The Censorship of Art on Social Media

 Image credit: Joanne Leah

Image credit: Joanne Leah

The Fashion Institute of Technology's Art Market Studies Program hosted a panel discussion moderated by Brian Boucher and featuring Kadar Brock, Joanne Leah, Kathleen Madden, Evrim Oralkan, and Jessica Oralkan.

What comes to mind when we consider social media censorship in the art world? It’s quite possible that you were recently notified by a social media platform that one of your posts was removed. Or that you know someone who has been censored. The topic raises a number of complex and urgent question: Should artworks be flagged as pornography? How can social media platforms differentiate what is actually art from what is not? Should works of art be age restricted? Who should be making these decisions? This Tuesday, our panel of artists, curators, and collectors will share their perspectives.

Brian Boucher is an accomplished arts writer with twenty years of experience as a critic, journalist, editor, lecturer, and educator. He currently serves as a Senior Writer for artnet News, having previously worked as an editor at Art in America. Boucher received a masters degree in the history of art from Williams College in Williamstown, Massachusetts, and completed his undergraduate degree at Vassar College, Poughkeepsie, New York, also in art history.

Jessica and Evrim Oralkan are art collectors who, having identified a need for a digital platform for collectors to connect on a new level, founded Collecteurs. Collecteurs is based out of NEW INC, the New Museum's cultural incubator, dedicated to supporting innovation, collaboration and entrepreneurship at the intersection of art and technology. They are members of the Swiss Institute, Institute of Contemporary Art London, part of the YCC Acquisitions Committee at Guggenheim Museum and YCC Acquisitions Committee at Pérez Art Museum Miami.

Kadar Brock has lived and worked in Brooklyn, NY since graduating from The Cooper Union in 2002. In 2005 he began exhibiting bright, gestural abstractions, with solo exhibitions at BUIA Gallery, NY (2006, 2008) and Angell Gallery, Toronto (2007). By 2009 though, he lost faith in that approach to painting and began questioning the assumptions about authorship and gesture that undergird it. To step away from and challenge his previous paintings, Brock began creating works via systems of role playing and ritual. He first exhibited this new vein of work with Thierry Goldberg in New York in late 2010, and has since had solo exhibitions with The Hole,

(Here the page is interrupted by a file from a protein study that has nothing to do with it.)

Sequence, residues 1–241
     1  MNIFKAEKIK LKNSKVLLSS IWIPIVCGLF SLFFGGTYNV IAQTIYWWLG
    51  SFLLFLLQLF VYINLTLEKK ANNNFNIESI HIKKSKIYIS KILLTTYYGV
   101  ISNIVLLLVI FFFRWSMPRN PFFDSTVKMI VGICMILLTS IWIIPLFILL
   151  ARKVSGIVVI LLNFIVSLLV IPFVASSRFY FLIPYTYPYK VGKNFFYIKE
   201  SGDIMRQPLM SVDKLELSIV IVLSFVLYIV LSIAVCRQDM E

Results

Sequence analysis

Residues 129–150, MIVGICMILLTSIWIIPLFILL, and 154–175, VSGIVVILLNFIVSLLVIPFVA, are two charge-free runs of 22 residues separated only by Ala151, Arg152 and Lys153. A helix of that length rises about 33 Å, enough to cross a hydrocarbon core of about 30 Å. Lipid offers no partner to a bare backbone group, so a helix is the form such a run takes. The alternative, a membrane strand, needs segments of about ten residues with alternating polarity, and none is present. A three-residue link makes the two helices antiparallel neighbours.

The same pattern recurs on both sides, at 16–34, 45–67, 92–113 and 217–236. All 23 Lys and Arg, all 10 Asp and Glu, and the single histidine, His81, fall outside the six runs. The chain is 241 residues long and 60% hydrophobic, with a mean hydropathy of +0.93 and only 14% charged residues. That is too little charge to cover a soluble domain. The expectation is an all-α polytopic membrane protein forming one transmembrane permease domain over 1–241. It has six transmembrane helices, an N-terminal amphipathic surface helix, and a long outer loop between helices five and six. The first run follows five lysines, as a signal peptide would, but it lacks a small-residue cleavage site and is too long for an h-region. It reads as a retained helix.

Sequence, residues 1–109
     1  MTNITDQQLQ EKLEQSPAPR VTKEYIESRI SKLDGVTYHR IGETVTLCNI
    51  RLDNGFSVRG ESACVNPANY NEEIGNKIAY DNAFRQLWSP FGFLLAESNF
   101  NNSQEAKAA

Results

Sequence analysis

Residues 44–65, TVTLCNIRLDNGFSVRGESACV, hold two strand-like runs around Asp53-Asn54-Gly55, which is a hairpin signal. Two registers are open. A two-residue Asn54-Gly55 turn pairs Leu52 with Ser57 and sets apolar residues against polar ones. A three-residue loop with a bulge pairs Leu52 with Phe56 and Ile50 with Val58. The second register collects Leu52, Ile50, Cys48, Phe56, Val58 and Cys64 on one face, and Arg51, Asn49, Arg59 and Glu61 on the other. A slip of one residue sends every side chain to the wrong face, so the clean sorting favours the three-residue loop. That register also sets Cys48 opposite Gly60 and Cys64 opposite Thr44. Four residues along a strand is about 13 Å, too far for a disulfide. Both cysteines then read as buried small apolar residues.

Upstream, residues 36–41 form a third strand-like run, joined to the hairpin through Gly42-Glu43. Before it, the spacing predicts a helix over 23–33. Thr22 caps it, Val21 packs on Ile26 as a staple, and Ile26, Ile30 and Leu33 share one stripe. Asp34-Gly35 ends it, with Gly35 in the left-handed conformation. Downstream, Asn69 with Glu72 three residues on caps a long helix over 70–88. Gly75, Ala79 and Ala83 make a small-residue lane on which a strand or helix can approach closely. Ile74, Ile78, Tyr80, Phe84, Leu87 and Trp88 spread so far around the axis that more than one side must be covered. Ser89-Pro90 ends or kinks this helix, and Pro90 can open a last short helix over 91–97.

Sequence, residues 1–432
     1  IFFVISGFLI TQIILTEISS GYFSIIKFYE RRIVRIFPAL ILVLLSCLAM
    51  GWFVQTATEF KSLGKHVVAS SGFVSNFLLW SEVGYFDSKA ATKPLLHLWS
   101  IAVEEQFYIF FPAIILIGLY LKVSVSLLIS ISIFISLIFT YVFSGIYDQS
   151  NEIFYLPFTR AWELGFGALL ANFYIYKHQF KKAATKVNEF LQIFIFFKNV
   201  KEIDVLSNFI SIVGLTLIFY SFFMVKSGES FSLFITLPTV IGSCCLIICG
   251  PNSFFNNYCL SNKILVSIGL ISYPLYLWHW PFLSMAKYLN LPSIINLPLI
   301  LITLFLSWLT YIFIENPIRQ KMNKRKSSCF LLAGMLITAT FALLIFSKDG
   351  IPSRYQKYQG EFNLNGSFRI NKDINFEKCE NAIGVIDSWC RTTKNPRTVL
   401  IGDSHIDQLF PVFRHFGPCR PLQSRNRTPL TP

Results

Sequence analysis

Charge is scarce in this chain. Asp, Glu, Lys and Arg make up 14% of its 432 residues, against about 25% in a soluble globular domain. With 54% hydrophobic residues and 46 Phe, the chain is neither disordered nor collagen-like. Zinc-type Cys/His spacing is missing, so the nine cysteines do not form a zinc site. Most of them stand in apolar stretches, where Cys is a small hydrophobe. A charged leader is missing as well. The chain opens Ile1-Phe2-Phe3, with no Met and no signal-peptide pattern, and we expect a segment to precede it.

NY (2013), Vigo Gallery, London (2012, 2015, 2016), Almine Rech, Brussels (2015), and Patron Gallery, Chicago (2017).

Joanne Leah is an artist who stages brightly colored photo-based images and animations that portray entangled body parts juxtaposed with ordinary objects and substances. Her works explore themes of sexuality, isolation, and identity. Her work has been featured in numerous exhibitions in New York, including a 2017 solo exhibition, ACID MASS, at Not For Them Gallery in Long Island City.

Kathleen Madden is an art historian who contributes regularly to magazines such as Artforum, Art in America, and OSMOS. She has been part of the curatorial team for exhibitions at Tate Modern, the Barbican Art Gallery, and the Serpentine Gallery. Previously, she was the Commissioning Editor of Contemporary Art at Phaidon Press, where she produced books such as Vitamin Ph: New Perspectives in Photography and Ice Cream: Contemporary Art and Culture. Additionally, she has contributed texts to art books such as Thames and Hudson’s Photography the Whole Story, and is an editor of the Performa 13 book, the fifth volume in the acclaimed Performa series (Gregory R. Miller & Co., 2015).

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